Public libraries across the country experiencing growth in their Latino and Spanish-speaking populations face similar challenges in connecting these communities with library service. Though libraries may offer Spanish-language materials and/or programming, these services may not attract the targeted community as desired. This class is designed to help libraries to bridge the gap and increase the use of their services by Latinos and Spanish-speakers, with particular emphasis on reaching first-generation immigrants and their families. Participants will increase their knowledge of Latino cultural values that impact library use, develop an understanding of common barriers that impede library use, and develop strategies for overcoming those barriers. Participants will also identify key people/organizations within their own communities for potential partnerships. This course is strongly recommended as a prerequisite for “Bilingual Storytime at Your Biblioteca.”

Register here - http://www.libraryjuiceacademy.com/032-spanish-speaking.php.

Tuesday, January 20, 2015

Latino Art! ¡Arte Latino!

Yuyi Morales' recent bilingual book Viva Frida has inspired me to share some ideas for programs that celebrate Latino art and artists. This programs can be done bilingually or monolingually, as needed to best meet the needs of the group and with the resources your library or school has to offer. Remember, you do not need to be bilingual to use bilingual materials or to be inclusive of Latino cultures in your programming! And you don't have to wait for Hispanic Heritage Month!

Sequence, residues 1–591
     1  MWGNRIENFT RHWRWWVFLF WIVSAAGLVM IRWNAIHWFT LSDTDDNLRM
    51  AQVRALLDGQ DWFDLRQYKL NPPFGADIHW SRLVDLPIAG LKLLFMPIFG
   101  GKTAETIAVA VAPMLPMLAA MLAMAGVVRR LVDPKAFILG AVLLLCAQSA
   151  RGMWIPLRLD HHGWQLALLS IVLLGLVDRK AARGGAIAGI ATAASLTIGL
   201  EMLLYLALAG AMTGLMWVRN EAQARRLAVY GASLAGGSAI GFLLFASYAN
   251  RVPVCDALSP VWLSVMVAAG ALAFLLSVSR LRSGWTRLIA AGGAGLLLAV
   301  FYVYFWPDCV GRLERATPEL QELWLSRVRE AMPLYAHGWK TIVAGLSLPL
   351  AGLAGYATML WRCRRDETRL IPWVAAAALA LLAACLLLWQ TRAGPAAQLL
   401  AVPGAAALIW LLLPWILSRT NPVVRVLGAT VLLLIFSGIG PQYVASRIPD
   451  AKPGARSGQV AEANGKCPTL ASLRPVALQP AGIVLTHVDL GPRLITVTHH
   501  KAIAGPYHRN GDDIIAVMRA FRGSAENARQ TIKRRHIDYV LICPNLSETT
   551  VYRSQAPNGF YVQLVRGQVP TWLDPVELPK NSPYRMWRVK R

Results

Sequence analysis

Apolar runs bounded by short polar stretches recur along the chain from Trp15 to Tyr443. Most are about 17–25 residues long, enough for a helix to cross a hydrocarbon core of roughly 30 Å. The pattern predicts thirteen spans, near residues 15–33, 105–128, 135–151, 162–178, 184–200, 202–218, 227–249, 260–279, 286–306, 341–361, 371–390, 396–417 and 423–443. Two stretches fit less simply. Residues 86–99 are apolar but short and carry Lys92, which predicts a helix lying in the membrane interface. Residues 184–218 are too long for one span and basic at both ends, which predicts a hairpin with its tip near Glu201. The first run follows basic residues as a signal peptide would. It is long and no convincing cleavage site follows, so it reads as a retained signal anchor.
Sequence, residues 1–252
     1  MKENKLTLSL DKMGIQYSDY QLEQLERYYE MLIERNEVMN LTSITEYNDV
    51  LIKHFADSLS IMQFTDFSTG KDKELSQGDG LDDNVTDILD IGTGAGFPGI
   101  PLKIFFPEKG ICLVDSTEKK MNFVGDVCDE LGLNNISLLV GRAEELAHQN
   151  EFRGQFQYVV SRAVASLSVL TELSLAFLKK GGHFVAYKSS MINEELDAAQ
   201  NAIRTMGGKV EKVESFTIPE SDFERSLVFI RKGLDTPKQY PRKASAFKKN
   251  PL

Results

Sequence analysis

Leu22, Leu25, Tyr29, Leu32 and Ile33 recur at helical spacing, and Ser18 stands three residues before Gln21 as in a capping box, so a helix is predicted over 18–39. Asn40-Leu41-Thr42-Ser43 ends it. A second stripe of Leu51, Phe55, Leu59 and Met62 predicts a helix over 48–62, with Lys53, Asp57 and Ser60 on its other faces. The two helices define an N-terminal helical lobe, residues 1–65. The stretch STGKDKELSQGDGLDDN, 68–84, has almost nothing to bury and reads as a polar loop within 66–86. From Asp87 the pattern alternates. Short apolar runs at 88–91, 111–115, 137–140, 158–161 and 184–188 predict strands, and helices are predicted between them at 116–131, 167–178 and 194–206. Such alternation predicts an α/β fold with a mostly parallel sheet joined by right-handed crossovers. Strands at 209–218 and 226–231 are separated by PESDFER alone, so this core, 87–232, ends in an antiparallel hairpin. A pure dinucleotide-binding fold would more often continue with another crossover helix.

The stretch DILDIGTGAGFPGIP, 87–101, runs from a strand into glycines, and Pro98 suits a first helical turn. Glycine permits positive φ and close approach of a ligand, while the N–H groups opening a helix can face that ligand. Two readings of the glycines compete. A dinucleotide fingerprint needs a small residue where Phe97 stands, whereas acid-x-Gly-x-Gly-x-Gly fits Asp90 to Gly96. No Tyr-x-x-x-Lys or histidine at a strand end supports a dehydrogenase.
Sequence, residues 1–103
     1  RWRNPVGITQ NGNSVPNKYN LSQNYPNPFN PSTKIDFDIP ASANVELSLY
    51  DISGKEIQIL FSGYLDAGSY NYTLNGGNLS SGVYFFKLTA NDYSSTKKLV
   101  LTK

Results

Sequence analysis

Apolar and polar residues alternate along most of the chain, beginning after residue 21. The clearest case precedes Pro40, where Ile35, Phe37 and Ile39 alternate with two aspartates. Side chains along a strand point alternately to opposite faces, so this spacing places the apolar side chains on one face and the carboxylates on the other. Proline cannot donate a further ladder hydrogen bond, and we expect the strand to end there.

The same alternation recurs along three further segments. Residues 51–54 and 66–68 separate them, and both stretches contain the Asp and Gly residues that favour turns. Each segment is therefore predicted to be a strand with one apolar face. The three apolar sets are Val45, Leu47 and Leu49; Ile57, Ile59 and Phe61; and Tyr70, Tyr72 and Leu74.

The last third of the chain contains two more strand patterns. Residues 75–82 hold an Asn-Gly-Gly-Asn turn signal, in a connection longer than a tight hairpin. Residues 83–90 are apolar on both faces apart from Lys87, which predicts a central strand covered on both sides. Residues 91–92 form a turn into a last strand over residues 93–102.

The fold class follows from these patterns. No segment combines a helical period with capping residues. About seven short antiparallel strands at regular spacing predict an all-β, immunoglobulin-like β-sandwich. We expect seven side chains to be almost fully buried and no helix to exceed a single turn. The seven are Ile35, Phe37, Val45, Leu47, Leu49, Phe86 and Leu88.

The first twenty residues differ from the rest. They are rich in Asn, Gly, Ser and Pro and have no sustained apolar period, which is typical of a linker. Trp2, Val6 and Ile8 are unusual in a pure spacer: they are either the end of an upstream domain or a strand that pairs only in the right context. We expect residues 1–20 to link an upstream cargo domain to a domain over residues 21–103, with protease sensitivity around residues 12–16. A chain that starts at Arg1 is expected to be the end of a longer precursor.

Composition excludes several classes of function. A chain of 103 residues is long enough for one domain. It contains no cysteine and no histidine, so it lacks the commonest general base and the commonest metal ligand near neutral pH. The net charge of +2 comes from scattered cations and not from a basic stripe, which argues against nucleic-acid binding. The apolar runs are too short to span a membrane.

Toddler / Preschool Storytime

Song: Mister G: Colores - A simple, bilingual song that introduces the colors with a fun beat. 
Add color scarves or egg shakers to this song. Kids can even look for the various color items as they are introduced in this song, depending on the size of the group. 
Book: Green is a Chile Pepper by Roseanne Greenfield Thong
Flannelboard Activity: Practice the colors in English and Spanish and the Spanish vocabulary introduced in the book by adding the items one at a time to the flannelboard. This could also be done digitally for those using iPads and other technology tools in their storytime programs.